Sustainable Harvest for Food and Fuel Preliminary Food & Fuel Gap Analysis Report

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To promote economic growth and energy security, and to protect the environment, the U.S. is pursuing a national strategy of energy independence and climatic protection in which domestic renewable carbon-neutral biofuels displace 30 percent of U.S. oil consumption by the mid-21st century. Such fuels, including ethanol and biodiesel, will be produced from biological feed stocks (biomass). The availability of this billion-ton biomass will hinge on the application of modern scientific and engineering tools to create a highly-integrated biofuel production system. Efforts are underway to identify and develop energy crops, ranging from agricultural residues to genetically engineered perennials; to develop biology-based ... continued below

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Grosshans, Ray; Kostelnik, Kevin M. & Jacobson, Jake April 1, 2007.

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Description

To promote economic growth and energy security, and to protect the environment, the U.S. is pursuing a national strategy of energy independence and climatic protection in which domestic renewable carbon-neutral biofuels displace 30 percent of U.S. oil consumption by the mid-21st century. Such fuels, including ethanol and biodiesel, will be produced from biological feed stocks (biomass). The availability of this billion-ton biomass will hinge on the application of modern scientific and engineering tools to create a highly-integrated biofuel production system. Efforts are underway to identify and develop energy crops, ranging from agricultural residues to genetically engineered perennials; to develop biology-based processing methods; and, to develop large-scale biorefineries to economically convert biomass into fuels. In addition to advancing the biomass-to-biofuel research and development agenda, policy makers are concurrently defining the correct mix of governmental supports and regulations. Given the volumes of biomass and fuels that must flow to successfully enact a national biomass strategy, policies must encourage large-scale markets to form and expand around a tightly integrated system of farmers, fuel producers and transporters, and markets over the course of decades. In formulating such policies, policy makers must address the complex interactions of social, technical, economic, and environmental factors that bound energy production and use. The Idaho National Laboratory (INL) is a science-based, applied engineering national laboratory dedicated to supporting the U.S. Department of Energy (DOE). The INL Bioenergy Program supports the DOE and the U.S. Department of Agriculture. Key multidisciplinary INL capabilities are being leveraged to address major science and technology needs associated with the cost-effective utilization of biomass. INL’s whole crop utilization (WCU) vision is focused on the use of the entire crop, including both the grain and traditionally discarded plant biomass to produce food, feed, fiber, energy, and value-added products.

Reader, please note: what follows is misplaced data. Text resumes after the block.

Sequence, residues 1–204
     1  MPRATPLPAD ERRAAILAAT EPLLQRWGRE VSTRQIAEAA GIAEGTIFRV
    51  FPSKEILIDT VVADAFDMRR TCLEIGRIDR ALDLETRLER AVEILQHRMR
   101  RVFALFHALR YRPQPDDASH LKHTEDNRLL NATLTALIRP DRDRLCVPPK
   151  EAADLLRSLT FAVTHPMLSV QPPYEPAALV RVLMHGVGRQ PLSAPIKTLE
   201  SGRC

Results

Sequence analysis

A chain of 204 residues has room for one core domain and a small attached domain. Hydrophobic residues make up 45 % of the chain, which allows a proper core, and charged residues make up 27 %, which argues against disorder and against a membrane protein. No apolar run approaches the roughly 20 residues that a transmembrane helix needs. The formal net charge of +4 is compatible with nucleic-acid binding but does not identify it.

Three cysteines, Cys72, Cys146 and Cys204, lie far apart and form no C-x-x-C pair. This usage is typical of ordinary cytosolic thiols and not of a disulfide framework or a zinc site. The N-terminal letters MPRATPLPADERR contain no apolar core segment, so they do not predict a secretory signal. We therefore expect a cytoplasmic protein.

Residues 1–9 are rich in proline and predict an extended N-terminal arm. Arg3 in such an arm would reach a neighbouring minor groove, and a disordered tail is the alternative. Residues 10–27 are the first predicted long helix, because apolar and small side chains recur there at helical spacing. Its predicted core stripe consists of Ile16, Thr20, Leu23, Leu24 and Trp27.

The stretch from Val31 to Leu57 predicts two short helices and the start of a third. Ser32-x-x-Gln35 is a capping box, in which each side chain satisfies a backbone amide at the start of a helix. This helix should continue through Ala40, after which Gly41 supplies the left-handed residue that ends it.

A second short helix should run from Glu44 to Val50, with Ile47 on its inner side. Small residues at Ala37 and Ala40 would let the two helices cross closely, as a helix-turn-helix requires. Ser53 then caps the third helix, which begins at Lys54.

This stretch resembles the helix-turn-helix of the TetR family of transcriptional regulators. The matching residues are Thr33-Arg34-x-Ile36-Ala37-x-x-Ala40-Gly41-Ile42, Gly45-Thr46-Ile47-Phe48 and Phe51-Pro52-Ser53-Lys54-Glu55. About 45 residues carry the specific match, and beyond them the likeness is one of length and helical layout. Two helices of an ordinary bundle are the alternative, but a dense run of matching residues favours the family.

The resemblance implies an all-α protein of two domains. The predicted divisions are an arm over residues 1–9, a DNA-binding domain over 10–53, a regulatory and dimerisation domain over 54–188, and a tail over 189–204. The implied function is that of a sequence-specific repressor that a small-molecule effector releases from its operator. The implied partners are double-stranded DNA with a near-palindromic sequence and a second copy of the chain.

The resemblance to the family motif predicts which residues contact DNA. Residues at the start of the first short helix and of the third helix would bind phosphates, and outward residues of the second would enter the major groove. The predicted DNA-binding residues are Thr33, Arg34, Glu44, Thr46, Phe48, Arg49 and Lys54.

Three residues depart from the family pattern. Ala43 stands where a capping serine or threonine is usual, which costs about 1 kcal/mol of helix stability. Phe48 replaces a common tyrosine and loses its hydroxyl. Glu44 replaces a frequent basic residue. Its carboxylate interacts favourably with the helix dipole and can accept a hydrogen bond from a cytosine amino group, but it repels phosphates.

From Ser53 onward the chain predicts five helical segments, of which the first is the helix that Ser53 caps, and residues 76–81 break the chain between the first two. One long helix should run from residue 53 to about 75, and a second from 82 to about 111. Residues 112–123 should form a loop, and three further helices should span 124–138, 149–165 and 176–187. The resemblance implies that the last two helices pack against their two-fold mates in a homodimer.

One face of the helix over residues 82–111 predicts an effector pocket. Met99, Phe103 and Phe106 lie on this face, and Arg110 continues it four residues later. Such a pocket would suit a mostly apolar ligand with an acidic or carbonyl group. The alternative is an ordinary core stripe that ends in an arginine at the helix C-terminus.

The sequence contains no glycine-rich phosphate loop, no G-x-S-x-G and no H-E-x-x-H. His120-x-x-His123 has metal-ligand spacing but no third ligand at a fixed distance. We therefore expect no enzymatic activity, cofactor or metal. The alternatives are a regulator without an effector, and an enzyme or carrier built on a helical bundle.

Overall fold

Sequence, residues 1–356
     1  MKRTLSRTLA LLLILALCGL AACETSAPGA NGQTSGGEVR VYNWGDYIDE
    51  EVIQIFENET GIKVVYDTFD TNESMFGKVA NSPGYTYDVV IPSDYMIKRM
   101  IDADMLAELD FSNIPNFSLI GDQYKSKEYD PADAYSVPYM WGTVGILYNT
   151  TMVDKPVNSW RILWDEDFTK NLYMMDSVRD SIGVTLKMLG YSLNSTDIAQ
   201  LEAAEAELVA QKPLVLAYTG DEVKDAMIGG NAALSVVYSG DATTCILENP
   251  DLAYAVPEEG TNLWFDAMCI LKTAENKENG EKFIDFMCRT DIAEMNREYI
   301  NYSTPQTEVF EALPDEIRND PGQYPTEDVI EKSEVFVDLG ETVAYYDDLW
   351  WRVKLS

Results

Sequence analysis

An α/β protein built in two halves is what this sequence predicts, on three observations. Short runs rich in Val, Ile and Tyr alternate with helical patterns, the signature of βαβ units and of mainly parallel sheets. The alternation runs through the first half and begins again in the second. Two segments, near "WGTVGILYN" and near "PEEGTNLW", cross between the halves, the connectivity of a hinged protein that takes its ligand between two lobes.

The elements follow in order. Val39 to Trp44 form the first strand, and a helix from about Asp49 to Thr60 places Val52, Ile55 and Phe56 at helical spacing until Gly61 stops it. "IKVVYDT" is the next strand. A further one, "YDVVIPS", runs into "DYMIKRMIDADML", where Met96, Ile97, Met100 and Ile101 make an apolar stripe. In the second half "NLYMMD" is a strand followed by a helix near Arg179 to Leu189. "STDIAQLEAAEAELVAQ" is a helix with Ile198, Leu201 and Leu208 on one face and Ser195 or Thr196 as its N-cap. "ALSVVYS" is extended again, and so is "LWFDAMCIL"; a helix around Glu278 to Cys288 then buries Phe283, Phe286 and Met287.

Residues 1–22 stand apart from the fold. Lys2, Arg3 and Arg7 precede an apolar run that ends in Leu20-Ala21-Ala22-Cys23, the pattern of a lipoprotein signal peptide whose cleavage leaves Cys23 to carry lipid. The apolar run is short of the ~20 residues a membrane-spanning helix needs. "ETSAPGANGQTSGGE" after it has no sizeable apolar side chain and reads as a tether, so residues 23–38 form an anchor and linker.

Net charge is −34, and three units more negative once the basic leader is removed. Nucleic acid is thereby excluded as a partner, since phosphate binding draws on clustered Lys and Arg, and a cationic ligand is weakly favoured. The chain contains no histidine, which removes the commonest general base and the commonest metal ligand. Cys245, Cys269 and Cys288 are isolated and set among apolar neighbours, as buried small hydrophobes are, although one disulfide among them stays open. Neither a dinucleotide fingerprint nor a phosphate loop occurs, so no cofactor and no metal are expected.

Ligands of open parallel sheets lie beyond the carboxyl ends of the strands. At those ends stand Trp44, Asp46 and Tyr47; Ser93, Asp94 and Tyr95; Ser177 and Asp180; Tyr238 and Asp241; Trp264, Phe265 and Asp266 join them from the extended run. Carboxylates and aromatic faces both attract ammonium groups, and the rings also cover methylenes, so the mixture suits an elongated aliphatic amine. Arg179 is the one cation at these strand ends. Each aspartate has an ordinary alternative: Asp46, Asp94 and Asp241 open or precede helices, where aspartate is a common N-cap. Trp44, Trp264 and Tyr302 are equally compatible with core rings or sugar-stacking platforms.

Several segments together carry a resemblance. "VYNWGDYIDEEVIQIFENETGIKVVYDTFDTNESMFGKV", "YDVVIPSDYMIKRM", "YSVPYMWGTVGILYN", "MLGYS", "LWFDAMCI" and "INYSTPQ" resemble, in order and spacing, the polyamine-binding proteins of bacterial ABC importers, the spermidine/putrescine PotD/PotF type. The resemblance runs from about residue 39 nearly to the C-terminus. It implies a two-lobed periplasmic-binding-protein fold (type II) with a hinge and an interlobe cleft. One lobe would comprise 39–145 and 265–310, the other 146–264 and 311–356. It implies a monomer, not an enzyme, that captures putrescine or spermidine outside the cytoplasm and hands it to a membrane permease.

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  • Report No.: INL/EXT-07-12523
  • Grant Number: DE-AC07-99ID-13727
  • DOI: 10.2172/915529 | External Link
  • Office of Scientific & Technical Information Report Number: 915529
  • Archival Resource Key: ark:/67531/metadc880529

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Office of Scientific & Technical Information Technical Reports

Reports, articles and other documents harvested from the Office of Scientific and Technical Information.

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  • April 1, 2007

Added to The UNT Digital Library

  • Sept. 22, 2016, 2:13 a.m.

Description Last Updated

  • Dec. 15, 2016, 3:03 p.m.

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Grosshans, Ray; Kostelnik, Kevin M. & Jacobson, Jake. Sustainable Harvest for Food and Fuel Preliminary Food & Fuel Gap Analysis Report, report, April 1, 2007; [Idaho Falls, Idaho]. (digital.library.unt.edu/ark:/67531/metadc880529/: accessed October 23, 2017), University of North Texas Libraries, Digital Library, digital.library.unt.edu; crediting UNT Libraries Government Documents Department.